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What happens when a trade mark is not used

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Brand protection

Once registered a trade mark must be used in the course of trade

Otherwise a trade mark owner runs the risk of losing their trade mark via invalidation and other proceedings.

Image of a derelict corridor, it has not been visited for some time

Photo by Jamison Riley on Unsplash

Words by Dr Martin Douglas Hendry




A trade mark is a symbol, design, logo, or any other characteristic that helps to identify and distinguish a product or service from others in the market. Trade marks are crucial in helping businesses establish their brand and build a loyal customer base. However, what happens when a trade mark is not used? In this blog, we will discuss the legal requirements for trade mark use and the consequences of not using a trade mark in the UK.


Legal Requirements for Trade Mark Use


Under UK law, trade mark registration and use are required to maintain the trade mark rights. A trade mark must be used within five years of registration, or risk being cancelled. The use of a trade mark must be genuine, meaning it must be used in connection with the goods or services for which it is registered, as outlined in the trade mark specification. Simply registering a trade mark without using it does not establish rights.


Consequences of Not Using a Trade Mark


The consequences of not using a trade mark can be significant. If a trade mark is not used for an extended period of time, the trade mark rights may be lost. This means that another party could register and use the trade mark without infringing on the original owner's rights. Additionally, the risk of trade mark infringement increases, as other parties may be using the same or similar marks without your knowledge. Furthermore, a trade mark that is not used may be subject to cancellation, which means that the trade mark registration will be removed from the trade mark register. This could impact the brand reputation and may make it difficult to re-establish the trade mark in the future.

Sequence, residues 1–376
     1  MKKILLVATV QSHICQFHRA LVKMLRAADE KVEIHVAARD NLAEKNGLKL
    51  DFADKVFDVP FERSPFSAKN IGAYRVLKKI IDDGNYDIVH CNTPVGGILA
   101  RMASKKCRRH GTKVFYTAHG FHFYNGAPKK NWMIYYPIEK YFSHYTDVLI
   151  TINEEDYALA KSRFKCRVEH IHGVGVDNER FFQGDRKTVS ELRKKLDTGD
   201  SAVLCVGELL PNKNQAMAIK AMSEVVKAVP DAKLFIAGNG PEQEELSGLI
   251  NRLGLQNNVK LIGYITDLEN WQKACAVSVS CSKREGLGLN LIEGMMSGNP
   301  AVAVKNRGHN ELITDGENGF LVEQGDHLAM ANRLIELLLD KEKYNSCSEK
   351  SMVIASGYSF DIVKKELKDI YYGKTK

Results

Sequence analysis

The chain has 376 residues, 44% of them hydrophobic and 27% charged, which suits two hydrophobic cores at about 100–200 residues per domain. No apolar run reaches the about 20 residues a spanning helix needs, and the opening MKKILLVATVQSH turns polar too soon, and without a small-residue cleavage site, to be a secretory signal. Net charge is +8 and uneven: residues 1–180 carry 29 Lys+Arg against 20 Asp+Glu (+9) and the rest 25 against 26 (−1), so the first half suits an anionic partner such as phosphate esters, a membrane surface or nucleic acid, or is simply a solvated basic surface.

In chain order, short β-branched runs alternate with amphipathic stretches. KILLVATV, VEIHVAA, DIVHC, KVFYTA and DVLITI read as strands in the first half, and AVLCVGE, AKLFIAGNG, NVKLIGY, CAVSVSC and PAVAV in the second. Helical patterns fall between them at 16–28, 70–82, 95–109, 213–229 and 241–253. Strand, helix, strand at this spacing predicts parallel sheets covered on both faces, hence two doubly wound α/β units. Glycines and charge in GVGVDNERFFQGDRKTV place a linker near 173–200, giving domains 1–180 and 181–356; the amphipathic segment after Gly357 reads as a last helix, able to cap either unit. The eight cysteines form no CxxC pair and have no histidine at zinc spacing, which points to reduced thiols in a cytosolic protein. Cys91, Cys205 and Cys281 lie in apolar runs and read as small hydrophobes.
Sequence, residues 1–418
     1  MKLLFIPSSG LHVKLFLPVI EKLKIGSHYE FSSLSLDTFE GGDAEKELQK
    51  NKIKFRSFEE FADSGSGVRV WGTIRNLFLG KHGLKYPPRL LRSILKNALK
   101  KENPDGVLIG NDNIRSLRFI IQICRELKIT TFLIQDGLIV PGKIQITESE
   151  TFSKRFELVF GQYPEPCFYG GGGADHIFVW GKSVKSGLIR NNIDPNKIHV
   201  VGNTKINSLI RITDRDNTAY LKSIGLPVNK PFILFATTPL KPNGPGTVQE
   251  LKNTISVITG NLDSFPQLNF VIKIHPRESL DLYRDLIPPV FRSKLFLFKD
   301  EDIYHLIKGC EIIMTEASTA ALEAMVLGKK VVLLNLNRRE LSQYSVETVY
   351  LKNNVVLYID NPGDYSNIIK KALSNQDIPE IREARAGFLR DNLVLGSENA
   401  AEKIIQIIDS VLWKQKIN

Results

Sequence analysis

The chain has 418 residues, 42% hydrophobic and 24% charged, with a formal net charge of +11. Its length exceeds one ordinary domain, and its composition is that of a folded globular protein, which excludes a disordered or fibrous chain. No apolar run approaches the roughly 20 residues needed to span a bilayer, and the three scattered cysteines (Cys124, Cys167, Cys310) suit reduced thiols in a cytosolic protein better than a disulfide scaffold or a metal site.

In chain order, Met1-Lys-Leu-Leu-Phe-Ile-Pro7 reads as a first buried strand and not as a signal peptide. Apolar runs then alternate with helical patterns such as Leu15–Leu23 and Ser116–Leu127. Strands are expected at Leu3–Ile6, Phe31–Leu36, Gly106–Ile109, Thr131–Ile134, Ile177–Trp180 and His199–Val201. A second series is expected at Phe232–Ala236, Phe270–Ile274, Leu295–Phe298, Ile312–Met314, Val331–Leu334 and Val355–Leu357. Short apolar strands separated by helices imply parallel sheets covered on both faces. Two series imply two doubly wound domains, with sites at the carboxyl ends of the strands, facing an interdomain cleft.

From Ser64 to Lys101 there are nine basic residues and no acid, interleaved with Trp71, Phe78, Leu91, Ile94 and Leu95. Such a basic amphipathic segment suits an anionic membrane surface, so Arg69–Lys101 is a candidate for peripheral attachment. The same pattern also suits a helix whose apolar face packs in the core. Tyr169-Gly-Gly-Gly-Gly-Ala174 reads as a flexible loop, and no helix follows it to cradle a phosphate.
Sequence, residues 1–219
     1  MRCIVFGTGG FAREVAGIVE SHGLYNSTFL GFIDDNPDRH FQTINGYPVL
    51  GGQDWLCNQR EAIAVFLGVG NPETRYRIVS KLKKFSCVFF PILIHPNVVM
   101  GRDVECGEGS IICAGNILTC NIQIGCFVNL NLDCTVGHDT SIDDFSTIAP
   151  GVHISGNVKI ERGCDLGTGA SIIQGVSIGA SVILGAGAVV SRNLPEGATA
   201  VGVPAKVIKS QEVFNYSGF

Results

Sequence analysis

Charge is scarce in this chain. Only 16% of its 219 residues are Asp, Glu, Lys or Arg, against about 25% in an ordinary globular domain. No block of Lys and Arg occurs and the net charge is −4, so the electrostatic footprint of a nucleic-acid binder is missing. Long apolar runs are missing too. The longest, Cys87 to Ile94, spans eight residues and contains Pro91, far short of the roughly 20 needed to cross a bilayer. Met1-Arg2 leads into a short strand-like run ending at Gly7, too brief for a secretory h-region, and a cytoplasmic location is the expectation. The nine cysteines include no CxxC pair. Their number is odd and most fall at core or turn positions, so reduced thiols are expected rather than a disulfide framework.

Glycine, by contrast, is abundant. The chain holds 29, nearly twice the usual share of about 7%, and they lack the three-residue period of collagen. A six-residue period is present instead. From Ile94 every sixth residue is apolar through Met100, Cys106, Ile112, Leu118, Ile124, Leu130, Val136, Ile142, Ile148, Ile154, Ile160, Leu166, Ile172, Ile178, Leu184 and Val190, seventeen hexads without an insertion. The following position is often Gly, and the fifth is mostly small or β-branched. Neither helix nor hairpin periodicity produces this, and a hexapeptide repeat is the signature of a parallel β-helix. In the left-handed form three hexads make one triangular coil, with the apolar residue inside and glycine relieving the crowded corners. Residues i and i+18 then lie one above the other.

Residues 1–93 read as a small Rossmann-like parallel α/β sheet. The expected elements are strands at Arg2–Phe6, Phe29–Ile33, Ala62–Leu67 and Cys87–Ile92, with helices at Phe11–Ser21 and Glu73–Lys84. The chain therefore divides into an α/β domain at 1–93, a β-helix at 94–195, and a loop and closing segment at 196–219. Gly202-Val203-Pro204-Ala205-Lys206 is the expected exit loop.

Reviving a Trade Mark


If a trade mark has not been used for an extended period of time, it is possible to revive the trade mark. One way to revive a dormant trade mark is to start using it again in connection with the goods or services for which it is registered. Another option is to transfer the trade mark to another party that is using or intends to use the trade mark.

Best practices for maintaining trade mark rights include regularly using the trade mark and keeping records of trade mark use. Keeping trade mark use consistent and up-to-date can help prevent trade mark infringement and protect trade mark rights.




In conclusion, trade marks play a crucial role in establishing a brand and building customer loyalty. Failing to use a trade mark can result in the loss of trade mark rights and the risk of trade mark infringement. Reviving a trade mark requires genuine use and steps to re-establish the trade mark rights. It is important to maintain trade mark use and protect trade mark rights to ensure the success and longevity of a brand.​


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Look at our other guides that relate to this topic here.

Trademark rejected? Here's what to do next

Maximizing your protection: best practices for trademark disputes

The importance of trademark registration in your business



Virtuoso Legal is a team of intellectual property specialists based in Leeds and London - operating worldwide. Virtuoso Legal's team of IP experts have successfully tried cases in the IPEC, High Court, Court of Appeals and United Kingdom Supreme Court. In addition, the team assist companies in creating, commercialising and protecting the big ideas that make their business unique. The firm and its professionals are ranked yearly in legal directories such as the Legal 500 and Chambers and Partners, cementing their status as a Top 2% law firm in the world.

DISCLAIMER: The content within this post is for educational purposes only and does not constitute legal advice. Virtuoso Legal does not take any responsibility for those that use this information and waives any liability for any resulting effect on your personal or commercial circumstances.

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